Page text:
Block clubs, associations and organizations have reformed and emerged to fight against crime, blight and a lack of small businesses to service communities across the Detroit’s neighborhoods. Organizations and individuals from both the public and private sectors have increased funding and attention to revitalize the city’s neighborhoods collectively.

“I can’t keep up with all of the new places popping up in Midtown,” said Rico Razo, city of Detroit District 6 manager. “We have the Midwest Civic Council of block clubs who organize the 48210 and 48204 community, the Springdale Woodmere Block Club who bring added safety to 48209, the Original United group in 48217 and several Woodbridge safety and community development groups.”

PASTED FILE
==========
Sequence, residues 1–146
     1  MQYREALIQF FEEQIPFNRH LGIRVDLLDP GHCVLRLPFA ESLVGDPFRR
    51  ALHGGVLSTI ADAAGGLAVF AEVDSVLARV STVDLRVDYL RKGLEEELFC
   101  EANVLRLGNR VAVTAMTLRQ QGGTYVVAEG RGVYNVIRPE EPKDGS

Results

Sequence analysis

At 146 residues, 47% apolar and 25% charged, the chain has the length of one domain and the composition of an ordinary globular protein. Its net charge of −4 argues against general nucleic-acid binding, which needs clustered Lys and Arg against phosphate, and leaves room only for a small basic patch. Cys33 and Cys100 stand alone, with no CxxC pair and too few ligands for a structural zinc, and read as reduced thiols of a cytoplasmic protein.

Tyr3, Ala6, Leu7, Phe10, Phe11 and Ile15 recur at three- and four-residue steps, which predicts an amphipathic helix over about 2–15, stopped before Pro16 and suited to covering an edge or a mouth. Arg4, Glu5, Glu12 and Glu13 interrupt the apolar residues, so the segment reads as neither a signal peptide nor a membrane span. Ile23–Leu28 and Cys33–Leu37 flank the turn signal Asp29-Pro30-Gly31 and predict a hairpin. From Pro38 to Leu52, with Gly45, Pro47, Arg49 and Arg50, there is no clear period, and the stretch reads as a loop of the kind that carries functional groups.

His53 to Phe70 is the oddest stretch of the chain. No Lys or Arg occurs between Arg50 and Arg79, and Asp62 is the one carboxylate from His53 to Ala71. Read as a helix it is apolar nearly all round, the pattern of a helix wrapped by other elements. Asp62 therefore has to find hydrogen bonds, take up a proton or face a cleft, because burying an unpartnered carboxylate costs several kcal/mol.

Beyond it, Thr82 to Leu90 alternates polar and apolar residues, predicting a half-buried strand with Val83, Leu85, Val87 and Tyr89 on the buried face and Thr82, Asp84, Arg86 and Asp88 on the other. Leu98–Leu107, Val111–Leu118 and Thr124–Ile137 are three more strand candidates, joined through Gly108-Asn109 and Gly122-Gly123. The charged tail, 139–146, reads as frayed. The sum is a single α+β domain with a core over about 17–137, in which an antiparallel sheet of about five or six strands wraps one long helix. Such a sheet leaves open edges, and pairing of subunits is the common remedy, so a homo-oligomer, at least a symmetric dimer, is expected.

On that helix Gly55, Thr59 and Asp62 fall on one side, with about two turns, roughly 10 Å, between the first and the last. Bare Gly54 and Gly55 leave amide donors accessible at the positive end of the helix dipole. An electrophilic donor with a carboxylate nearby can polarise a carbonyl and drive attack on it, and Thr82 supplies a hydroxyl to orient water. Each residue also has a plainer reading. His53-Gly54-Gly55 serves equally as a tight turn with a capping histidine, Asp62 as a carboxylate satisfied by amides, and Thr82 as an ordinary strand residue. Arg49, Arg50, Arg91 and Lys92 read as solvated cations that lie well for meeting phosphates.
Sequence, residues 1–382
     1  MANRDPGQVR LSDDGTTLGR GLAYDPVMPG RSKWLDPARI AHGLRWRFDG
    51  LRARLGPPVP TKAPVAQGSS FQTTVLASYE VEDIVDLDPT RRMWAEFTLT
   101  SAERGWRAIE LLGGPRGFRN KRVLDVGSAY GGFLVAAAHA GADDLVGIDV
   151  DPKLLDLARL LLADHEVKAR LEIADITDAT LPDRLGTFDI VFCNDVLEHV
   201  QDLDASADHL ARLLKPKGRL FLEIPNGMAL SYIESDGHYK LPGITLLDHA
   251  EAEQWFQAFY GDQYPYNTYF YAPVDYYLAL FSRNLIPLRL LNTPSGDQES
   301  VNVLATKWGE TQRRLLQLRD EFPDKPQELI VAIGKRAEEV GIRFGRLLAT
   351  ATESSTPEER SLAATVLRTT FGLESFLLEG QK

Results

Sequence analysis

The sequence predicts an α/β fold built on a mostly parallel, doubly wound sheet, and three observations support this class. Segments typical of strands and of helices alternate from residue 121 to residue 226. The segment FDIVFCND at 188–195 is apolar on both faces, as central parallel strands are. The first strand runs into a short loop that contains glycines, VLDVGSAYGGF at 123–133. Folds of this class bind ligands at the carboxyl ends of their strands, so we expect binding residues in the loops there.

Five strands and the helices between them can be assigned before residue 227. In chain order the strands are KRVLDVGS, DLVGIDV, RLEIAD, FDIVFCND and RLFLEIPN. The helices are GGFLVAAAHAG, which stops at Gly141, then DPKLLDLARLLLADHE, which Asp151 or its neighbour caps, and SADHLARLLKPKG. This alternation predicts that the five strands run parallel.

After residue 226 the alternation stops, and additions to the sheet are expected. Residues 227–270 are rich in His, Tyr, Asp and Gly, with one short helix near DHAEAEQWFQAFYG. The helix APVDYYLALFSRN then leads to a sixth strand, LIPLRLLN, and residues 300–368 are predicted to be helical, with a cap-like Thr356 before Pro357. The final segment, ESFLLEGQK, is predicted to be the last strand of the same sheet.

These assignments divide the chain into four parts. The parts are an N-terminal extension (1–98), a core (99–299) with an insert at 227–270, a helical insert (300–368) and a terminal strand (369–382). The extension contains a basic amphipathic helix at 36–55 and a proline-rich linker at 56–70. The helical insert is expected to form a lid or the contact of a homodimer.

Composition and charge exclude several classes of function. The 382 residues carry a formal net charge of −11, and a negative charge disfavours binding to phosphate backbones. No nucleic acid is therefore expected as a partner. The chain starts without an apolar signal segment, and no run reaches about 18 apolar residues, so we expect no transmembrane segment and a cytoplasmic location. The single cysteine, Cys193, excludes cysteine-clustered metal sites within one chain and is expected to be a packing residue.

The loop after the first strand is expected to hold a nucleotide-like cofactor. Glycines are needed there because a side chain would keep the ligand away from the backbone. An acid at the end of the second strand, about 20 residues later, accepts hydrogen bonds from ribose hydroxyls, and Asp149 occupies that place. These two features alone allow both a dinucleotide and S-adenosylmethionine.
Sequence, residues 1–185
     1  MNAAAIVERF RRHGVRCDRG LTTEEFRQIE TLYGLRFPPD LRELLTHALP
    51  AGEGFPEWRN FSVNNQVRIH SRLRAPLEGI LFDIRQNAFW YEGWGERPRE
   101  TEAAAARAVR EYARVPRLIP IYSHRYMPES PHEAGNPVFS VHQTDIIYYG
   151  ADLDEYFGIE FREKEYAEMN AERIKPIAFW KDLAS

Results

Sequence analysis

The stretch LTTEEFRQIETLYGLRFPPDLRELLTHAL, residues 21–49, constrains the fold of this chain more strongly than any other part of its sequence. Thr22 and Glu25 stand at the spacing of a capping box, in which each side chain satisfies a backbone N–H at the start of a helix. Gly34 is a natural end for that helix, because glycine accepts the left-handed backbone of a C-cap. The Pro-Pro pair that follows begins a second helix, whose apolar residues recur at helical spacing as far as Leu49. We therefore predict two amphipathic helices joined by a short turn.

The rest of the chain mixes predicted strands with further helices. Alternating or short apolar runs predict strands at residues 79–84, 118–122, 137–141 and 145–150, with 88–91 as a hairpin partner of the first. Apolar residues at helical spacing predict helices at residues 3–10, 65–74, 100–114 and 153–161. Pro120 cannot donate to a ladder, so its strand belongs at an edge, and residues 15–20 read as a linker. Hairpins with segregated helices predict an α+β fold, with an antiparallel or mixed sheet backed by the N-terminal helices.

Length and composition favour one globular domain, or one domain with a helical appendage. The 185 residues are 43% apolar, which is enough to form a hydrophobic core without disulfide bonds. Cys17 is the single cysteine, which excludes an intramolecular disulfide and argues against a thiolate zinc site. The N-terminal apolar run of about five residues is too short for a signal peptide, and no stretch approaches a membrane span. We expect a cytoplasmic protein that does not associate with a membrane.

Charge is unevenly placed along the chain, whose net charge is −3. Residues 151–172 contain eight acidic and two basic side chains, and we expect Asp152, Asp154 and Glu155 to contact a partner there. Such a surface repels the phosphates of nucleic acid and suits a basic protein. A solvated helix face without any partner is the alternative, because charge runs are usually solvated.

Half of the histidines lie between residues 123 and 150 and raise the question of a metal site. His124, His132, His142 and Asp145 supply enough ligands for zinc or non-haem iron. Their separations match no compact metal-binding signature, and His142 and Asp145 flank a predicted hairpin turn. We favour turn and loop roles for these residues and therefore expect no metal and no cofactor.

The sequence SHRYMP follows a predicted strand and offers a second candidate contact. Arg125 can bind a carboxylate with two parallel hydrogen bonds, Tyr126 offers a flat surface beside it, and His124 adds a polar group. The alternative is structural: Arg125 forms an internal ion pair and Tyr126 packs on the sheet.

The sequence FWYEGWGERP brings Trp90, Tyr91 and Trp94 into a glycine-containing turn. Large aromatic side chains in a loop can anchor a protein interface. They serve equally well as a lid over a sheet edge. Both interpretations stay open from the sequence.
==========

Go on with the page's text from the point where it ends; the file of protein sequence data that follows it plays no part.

Midtown, northeast and southwest Detroit are not the only communities taking action in the revitalization of the city’s neighborhoods.

Last year, the University of Detroit Mercy, along with Capital Impact Partners collaborated to create LIVE6 Alliance, a nonprofit focused on planning and development while enhancing quality of life and economic opportunity in Northwest Detroit – with a particular focus on the McNichols and Livernois corridors.

“We are focused on more than just businesses,” said LIVE6 Alliance Acting Director Lauren Hood. “I am hoping to really focus energy and dollars to making Livernois and the surrounding area become known as the ‘cultural corridor’ with a number of attractive offerings for the neighborhoods and those visiting the area.”